Effects of socioeconomic factors on obesity rates in four southern states and Colorado

Ethn Dis. Winter 2011;21(1):58-62.

Abstract

Objective: To examine the association between the increase in body mass index (BMI) and socioeconomic factors (eg, income level, % below poverty line, unemployment rates and persons receiving food stamps) in Mississippi, Alabama, Louisiana, Tennessee and Colorado.

Design: Data from Behavioral Risk Factor Surveillance System, United States Department of Agriculture and the United States Department of Labor/Bureau of Labor were obtained and analyzed for the years 1995-2008.

Results: Results from this study showed a strong association between obesity and the tested variables (R2 = .767). Factors more closely related with obesity were: income below poverty level; receipt of food stamps; unemployment; and general income level. The coefficient of determination for these variables were 0.438, 0.427, 0.103 and 0.018, respectively. The highest rate of obesity was found in Mississippi (26.5% +/- 4.13%) followed by Alabama (25.18% +/- 4.41%), while Colorado had the lowest rate of obesity (15.4% +/- 2.63%). By ethnicity, African Americans had the highest rate of obesity (32.64 +/- 5.99%).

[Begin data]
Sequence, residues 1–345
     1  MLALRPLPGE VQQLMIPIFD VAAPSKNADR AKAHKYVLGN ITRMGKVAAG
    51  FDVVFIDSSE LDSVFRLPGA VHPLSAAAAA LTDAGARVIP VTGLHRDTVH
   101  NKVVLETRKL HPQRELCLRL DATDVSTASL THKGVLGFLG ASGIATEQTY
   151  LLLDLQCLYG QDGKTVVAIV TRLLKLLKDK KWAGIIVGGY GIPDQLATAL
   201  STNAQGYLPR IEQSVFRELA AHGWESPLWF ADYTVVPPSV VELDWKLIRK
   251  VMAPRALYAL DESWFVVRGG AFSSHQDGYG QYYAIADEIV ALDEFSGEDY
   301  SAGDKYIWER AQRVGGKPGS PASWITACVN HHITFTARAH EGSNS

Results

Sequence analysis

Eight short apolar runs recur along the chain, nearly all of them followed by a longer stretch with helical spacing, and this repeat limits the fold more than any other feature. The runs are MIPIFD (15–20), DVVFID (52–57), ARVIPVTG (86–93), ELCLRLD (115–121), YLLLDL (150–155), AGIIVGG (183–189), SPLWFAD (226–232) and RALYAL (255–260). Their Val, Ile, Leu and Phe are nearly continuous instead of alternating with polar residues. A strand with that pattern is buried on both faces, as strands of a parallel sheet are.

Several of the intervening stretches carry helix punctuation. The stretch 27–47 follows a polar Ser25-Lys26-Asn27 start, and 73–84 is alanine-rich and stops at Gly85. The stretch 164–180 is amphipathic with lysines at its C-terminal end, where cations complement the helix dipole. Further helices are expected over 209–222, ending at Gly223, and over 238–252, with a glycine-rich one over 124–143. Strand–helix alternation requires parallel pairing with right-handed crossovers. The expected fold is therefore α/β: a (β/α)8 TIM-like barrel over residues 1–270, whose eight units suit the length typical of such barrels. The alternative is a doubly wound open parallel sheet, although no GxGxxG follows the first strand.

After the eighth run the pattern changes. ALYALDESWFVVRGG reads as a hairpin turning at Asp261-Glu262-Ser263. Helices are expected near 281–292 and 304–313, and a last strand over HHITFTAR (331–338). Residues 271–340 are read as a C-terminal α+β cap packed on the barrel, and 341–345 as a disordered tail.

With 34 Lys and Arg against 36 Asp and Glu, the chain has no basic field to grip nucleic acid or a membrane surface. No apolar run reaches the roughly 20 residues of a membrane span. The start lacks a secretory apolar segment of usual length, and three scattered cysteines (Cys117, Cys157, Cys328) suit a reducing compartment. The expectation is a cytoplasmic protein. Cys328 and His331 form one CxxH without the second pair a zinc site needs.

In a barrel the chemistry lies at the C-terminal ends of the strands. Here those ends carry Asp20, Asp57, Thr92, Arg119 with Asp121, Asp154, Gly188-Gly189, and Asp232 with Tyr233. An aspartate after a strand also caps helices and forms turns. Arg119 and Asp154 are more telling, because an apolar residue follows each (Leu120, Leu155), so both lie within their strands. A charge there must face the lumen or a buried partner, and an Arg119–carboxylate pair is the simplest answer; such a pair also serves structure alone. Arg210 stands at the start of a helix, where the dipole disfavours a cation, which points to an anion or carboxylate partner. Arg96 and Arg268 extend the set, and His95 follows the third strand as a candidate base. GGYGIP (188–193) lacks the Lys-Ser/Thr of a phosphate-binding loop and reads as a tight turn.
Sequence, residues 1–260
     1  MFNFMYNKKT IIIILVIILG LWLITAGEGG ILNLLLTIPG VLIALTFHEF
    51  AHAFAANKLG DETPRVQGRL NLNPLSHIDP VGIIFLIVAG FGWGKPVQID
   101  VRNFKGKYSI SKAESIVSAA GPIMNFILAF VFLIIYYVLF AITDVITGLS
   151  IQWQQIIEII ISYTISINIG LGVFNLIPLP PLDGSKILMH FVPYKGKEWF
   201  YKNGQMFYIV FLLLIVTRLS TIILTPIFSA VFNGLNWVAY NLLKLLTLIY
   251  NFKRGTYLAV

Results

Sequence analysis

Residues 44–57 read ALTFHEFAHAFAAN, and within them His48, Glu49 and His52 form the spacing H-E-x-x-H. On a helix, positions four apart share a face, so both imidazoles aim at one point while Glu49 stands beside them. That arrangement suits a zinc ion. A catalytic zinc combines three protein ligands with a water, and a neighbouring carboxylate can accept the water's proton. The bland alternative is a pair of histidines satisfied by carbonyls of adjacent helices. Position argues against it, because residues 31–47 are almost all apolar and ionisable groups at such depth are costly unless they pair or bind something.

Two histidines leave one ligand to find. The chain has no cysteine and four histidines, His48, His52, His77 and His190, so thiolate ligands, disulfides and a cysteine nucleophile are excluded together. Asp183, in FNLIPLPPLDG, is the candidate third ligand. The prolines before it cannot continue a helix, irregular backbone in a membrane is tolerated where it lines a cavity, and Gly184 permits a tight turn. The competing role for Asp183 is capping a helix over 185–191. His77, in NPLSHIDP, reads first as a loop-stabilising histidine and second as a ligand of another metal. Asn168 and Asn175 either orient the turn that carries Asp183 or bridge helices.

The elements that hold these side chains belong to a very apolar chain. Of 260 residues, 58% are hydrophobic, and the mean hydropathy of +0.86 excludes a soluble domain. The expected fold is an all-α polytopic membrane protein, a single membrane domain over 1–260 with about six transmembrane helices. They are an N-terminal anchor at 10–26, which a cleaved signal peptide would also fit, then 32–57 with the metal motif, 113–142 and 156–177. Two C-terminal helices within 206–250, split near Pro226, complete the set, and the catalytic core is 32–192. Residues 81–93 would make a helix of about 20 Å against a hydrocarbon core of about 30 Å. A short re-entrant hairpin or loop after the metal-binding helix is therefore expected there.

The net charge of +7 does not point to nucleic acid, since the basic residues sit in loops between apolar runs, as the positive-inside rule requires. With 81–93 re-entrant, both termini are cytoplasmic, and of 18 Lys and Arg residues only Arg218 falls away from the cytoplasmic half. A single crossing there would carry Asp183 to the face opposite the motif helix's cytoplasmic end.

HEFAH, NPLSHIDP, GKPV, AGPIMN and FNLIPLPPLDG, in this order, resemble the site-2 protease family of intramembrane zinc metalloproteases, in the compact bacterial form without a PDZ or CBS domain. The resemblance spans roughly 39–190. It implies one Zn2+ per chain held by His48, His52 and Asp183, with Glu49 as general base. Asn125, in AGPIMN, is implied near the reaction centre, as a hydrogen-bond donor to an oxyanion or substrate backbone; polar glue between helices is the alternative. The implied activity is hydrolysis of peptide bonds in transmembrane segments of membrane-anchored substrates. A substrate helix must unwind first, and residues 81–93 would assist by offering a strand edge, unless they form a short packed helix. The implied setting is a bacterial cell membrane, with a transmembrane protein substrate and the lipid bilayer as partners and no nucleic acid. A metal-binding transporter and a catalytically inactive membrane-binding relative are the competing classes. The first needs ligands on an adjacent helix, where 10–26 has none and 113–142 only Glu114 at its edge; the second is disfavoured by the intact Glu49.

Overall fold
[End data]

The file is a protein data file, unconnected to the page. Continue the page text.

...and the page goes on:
Conclusion: We found a significant effect of consumption of low-quality food, due to economic factors, on increased BMI. Besides physical activity, the quality and the quantity of food are important factors that contribute to obesity rates.

Publication types

  • Multicenter Study
  • Research Support, N.I.H., Extramural

MeSH terms

  • African Americans / statistics & numerical data
  • Body Mass Index
  • Colorado / epidemiology
  • Female
  • Health Status Disparities*
  • Humans
  • Income
  • Male
  • Obesity / epidemiology*
  • Poverty*
  • Public Assistance
  • Regression Analysis
  • Risk Factors
  • Socioeconomic Factors
  • Southeastern United States / epidemiology
  • Tennessee / epidemiology
  • Unemployment